In the twentieth century, dating was sometimes seen as a precursor to marriage but it could also be considered as an end-in-itself, that is, an informal social activity akin to friendship.
It generally happened in that portion of a person's life before the age of marriage, enabled dates to be arranged without face-to-face contact.
Dating as an institution is a relatively recent phenomenon which has mainly emerged in the last few centuries.
From the standpoint of anthropology and sociology, dating is linked with other institutions such as marriage and the family which have also been changing rapidly and which have been subject to many forces, including advances in technology and medicine.
Dating is a stage of romantic relationships in humans whereby two people meet socially with the aim of each assessing the other's suitability as a prospective partner in an intimate relationship or marriage.
Social rules regarding dating vary considerably according to variables such as country, social class, religion, age, sexual orientation and gender.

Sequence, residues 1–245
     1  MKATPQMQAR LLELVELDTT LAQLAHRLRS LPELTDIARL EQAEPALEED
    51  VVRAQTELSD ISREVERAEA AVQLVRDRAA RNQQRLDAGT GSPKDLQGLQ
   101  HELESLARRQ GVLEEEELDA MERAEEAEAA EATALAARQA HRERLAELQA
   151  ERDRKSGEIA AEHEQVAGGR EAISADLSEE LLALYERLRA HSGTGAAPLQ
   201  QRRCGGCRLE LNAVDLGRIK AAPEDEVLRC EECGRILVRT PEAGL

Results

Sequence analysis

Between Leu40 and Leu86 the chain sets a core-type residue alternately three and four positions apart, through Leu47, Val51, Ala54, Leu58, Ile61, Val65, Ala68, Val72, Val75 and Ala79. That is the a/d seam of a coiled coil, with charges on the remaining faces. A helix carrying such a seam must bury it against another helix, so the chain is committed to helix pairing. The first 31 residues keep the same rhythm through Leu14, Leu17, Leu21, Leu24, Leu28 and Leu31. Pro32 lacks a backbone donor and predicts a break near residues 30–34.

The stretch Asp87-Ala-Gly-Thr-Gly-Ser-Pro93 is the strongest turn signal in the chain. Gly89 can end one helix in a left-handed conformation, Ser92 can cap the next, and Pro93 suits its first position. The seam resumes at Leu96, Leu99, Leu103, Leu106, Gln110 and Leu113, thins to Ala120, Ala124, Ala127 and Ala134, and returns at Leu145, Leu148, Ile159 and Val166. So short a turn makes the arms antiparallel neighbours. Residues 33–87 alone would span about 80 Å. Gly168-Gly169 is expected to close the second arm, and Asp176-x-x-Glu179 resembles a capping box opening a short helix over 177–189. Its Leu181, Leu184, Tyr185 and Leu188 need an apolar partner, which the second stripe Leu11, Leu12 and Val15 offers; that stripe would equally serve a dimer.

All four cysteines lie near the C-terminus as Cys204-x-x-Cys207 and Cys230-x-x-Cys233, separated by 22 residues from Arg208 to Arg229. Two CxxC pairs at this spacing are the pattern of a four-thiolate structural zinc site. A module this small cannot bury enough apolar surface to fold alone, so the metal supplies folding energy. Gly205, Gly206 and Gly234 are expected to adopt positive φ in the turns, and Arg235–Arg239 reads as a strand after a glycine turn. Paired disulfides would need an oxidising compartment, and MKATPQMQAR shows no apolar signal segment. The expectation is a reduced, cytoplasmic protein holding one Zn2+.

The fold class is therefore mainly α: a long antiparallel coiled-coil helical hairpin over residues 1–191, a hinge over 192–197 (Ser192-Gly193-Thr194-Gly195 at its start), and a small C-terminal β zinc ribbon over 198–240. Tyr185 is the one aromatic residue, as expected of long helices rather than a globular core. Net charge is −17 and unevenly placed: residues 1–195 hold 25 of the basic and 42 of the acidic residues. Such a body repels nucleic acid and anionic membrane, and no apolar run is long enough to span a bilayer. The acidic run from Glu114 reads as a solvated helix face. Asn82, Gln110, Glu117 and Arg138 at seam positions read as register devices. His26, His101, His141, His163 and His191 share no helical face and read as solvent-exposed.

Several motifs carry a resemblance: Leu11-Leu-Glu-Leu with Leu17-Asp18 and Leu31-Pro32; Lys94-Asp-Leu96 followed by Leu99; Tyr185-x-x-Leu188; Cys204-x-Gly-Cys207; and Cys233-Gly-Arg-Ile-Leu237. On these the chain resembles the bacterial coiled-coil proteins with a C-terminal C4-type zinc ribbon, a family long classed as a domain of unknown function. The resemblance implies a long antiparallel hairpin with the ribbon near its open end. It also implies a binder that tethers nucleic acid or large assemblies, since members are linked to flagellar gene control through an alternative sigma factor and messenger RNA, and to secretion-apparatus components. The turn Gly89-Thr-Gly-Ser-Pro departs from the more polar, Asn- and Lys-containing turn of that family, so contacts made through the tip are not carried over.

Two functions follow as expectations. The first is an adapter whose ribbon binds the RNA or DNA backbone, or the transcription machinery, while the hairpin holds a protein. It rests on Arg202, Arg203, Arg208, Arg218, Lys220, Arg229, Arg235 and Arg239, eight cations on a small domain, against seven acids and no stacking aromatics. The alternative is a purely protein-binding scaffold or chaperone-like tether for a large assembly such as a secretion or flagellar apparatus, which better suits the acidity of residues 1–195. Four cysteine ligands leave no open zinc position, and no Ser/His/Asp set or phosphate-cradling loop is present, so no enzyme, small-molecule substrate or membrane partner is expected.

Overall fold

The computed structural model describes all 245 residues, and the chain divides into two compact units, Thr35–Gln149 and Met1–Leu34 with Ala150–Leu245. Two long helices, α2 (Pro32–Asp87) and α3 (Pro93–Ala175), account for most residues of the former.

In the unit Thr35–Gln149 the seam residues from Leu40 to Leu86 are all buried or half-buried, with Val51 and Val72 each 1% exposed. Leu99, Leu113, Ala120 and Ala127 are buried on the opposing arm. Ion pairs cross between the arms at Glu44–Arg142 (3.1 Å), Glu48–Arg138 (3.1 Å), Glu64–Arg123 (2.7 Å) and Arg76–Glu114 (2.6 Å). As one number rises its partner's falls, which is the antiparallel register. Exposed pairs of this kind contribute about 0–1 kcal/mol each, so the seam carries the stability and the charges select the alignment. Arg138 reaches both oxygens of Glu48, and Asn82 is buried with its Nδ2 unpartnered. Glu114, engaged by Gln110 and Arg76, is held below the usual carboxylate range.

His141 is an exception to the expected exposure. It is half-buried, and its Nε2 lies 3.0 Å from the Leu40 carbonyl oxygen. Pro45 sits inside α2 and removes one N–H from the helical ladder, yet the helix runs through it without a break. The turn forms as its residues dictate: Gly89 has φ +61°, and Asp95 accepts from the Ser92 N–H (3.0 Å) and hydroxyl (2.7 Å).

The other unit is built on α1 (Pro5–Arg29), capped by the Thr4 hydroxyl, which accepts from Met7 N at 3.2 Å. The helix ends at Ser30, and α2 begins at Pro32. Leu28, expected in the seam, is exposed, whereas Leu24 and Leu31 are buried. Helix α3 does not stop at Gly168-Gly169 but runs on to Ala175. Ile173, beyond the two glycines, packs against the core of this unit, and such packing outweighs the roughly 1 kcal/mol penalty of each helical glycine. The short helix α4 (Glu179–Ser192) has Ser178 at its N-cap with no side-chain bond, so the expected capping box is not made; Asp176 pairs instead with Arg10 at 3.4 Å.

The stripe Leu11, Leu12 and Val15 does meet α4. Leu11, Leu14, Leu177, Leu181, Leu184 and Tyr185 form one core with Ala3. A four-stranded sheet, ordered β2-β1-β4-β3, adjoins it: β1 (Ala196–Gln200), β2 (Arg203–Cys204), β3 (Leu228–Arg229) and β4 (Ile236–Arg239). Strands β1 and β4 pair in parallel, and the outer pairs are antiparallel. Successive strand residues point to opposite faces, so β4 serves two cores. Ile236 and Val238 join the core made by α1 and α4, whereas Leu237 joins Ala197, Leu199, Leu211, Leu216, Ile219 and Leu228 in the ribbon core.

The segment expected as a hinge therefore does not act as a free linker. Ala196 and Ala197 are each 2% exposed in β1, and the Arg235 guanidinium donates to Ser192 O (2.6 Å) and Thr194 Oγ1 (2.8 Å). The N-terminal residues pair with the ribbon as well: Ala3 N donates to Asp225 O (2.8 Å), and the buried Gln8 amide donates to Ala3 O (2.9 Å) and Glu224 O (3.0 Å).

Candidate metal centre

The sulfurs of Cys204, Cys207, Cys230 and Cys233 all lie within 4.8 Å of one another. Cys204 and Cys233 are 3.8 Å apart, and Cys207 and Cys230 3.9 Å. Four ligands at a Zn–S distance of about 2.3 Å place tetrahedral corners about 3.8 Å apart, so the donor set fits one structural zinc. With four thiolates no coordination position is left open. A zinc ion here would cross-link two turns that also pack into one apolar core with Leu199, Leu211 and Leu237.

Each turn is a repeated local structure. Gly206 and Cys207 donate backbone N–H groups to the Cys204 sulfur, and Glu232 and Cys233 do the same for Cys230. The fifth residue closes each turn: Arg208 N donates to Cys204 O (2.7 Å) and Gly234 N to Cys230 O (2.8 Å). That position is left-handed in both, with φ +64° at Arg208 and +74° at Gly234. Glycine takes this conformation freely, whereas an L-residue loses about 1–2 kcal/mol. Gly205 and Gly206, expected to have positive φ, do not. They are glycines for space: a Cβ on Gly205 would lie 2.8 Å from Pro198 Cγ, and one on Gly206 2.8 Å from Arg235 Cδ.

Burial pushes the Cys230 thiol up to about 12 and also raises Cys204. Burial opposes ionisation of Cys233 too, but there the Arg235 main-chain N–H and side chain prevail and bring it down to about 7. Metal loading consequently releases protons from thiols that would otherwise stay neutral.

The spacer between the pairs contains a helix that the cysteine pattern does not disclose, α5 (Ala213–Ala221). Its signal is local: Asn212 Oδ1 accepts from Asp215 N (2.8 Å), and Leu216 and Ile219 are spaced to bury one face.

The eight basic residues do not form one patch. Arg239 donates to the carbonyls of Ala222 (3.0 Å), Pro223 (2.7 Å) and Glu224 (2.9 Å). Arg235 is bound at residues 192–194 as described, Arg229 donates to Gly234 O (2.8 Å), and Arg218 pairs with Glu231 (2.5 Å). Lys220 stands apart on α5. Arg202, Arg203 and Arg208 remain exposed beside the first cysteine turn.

The protocols and practices of dating, and the terms used to describe it, vary considerably from country to country and over time.
While the term has several meanings, the most frequent usage refers to two people exploring whether they are romantically or sexually compatible by participating in dates with the other.
Thus, the concept of marriage is changing widely in many countries.
Historically, marriages in most societies were arranged by parents and older relatives with the goal not being love but legacy and "economic stability and political alliances", according to anthropologists.